In other words, there is no one uniform system that can be called polycentric, because polycentrism involves multiple centers of control competing with one another, sometimes merging, sometimes coinciding.

History has demonstrated that legal and normative orders tend to centralize. Polycentric law materializes when each of these centralized orders remains competitive, kinetic, viable, and characterized by bottom-up customs and traditions.

Pluralism inheres in polycentric orders in which the power to coerce or control is dispersed, neutralized, or offset through competition and private adjudication according to embedded cultural standards and practices.

 

[1] Allen Mendenhall, Literature and Liberty: Essays in Libertarian Literary Criticism (Lexington Books, 2014), p. 67.

How Much Legislative Power Do Judges Really Have?

In America, Arts & Letters, History, Humanities, Jurisprudence, Law, liberal arts, Philosophy, Western Civilization, Western Philosophy on February 14, 2018 at 6:45 am

This article originally appeared here in The Intercollegiate Review.

During his confirmation hearing last year, Justice Neil Gorsuch told Senator Dick Durbin that Roe v. Wade was “the law of the land.” A recent Washington Post headline declared, in light of Obergefell v. Hodges, “Same-sex marriage is the law of the land.”

What does it mean that opinions of the United States Supreme Court are the law of the land? Is an opinion of the Supreme Court a law? If so, do judges make law? If judges make law, thereby exercising legislative powers, wouldn’t they be legislators, not judges?

If Supreme Court opinions are laws, how can they be overturned by later justices? Were the overruled decisions never actually law to begin with? Were they temporary laws? Were the American people simply bound for years by erroneous rules or judgments?

Ask these vexing questions of ten experts in constitutional law and you’ll hear ten different responses.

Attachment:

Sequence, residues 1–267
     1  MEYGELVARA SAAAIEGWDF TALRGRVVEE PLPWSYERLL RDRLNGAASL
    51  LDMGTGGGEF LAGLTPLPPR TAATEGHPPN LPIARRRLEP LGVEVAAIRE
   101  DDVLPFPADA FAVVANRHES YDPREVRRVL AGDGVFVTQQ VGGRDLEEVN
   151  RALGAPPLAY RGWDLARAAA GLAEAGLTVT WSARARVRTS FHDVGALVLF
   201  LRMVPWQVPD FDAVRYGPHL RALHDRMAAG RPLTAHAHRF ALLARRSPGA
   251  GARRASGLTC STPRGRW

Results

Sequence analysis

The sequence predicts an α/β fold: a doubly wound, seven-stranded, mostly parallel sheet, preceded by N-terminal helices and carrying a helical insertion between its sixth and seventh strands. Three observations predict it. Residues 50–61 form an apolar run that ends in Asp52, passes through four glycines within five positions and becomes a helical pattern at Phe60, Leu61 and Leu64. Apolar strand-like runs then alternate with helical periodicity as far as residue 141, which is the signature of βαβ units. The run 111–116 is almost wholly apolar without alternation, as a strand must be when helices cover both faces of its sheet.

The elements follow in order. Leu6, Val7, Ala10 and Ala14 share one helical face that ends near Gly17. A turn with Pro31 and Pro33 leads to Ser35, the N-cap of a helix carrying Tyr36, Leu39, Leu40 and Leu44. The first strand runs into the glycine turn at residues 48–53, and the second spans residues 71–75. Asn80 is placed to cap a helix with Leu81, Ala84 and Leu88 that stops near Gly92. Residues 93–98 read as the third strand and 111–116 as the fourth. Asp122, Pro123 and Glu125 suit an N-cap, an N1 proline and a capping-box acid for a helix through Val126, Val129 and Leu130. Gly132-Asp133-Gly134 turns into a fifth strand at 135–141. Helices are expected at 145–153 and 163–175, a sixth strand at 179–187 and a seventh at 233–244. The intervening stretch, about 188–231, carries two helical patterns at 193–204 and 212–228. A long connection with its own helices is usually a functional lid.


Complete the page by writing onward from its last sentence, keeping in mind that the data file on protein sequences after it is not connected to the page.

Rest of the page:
Why so complicated? Perhaps because the framework of American government is at stake. Centuries of political theory, moreover, cannot be condensed or expressed in concise opinions involving particular issues about fact-specific conflicts. Judges and justices are not positioned to delineate philosophical principles with nuance and sophistication. Yet they are tasked with administering the legal system and are guided by deeply held convictions or inchoate feelings about the nature and sources of law.

When we debate the role of judges vis-à-vis the legislative or executive branch, we’re invoking the separation-of-powers doctrine enshrined in the U.S. Constitution. That doctrine derives principally from the theories of Locke (1632–1704) and Montesquieu (1689–1755).

In his Second Treatise of Government, Locke claimed that the preservation of society was “the first and fundamental natural law.” Today we worry about the corruption and incompetence of members of Congress, but in Locke’s era, when the monarch exercised extraordinary powers, the legislature was a bulwark against tyranny. It represented the will of “the people.” The preservation of society thus required robust legislative authority.